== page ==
Is Your Pharmacy Prepared for the Unexpected of Natural Disasters?


Being prepared can lessen the effects of natural disasters on your business and help your communities bounce back more quickly.  

The greatest threat to your pharmacy business could come from nature, not a competitor.

No one thinks a natural disaster will affect them, yet each year there are hurricanes, blizzards, tornados, floods, earthquakes, fires and other types of unexpected disasters. While no one can predict exactly when and where a disaster will occur, there seems to be no shortage of natural disasters that have enormous impacts on communities.

Impact of Disasters

Not only do natural disasters impact communities, but they can devastate a small business. The statistics are staggering:

  • A quarter of the businesses that close for more than 24 hours because of a natural disaster never reopen, according to the Insurance Institute for Business & Home Safety.1
  • Another 25% or more may close within two years because of the lasting impact on their business.

Don’t underestimate the potential dangers. “Most people are in disaster denial,” warned Jim Satterfield, president and COO of Firestorm® Solutions LLC, a crisis management and continuity planning firm. While you may think your pharmacy is in a safe location, chances are you can recall a time when something interrupted your business, even if it was only a power outage for a few hours.

If a disruption occurs and your customers start going to another pharmacy because you close, even for a short time, “you may never get back the business that you lose,” Satterfield said. “They’re going to change their buying habits.” Similarly, staff members may find employment elsewhere while you rebuild.

What should you do? Firestorm’s Predict. Plan. Perform.® process provides structure to your approach.

Predict: Anticipate possible disaster scenarios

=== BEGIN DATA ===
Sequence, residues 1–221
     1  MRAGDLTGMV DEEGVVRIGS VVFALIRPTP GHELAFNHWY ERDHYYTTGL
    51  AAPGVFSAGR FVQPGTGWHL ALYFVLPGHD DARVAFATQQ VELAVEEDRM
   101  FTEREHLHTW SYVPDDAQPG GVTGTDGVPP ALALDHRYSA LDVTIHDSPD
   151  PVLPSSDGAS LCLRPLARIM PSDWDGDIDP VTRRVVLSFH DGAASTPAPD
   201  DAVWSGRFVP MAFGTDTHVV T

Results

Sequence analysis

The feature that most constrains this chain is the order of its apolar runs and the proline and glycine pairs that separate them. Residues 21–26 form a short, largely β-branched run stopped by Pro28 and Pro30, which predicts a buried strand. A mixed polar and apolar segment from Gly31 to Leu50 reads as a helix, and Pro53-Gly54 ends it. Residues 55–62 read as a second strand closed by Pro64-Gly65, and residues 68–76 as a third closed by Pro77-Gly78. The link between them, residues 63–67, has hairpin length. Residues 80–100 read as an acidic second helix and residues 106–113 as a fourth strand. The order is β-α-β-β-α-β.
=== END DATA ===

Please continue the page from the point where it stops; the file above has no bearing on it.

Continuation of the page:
Break down the possibilities of what could go wrong, Satterfield recommends, by looking at four zones, from big picture to very small picture:

  • Your nation. Disasters of this scale that might affect your business could include a global pandemic or a terrorist event.
  • Your region: Examine a 20-mile radius. Are you located near an earthquake fault line or nuclear power plant?
  • Your neighborhood. Asses the risks within a three-mile radius, such as a river flooding.
  • Your location. What could happen in your pharmacy or adjacent businesses? For example, a water pipe may break or a fire in a neighboring business could release toxic chemicals.

For each of these situations, think through what could happen, and if it did, how it could affect your business. For example, Satterfield explained, “A power outage is going to take everyone back 150 years.” It can shut down not only the lights but also heating, cooling, computers and mobile phone systems.

Business disaster planning resources

A wealth of resources can lead you through the steps of creating a comprehensive disaster plan. Even if you already have drafted a plan to comply with insurance requirements or state pharmacy board regulations, you may be able to improve it.

  • Open for Business®, a business continuity planning program from the Insurance Institute for Business & Home Safety, offers a brief planning toolkit, “OFB-EZ,” and other information at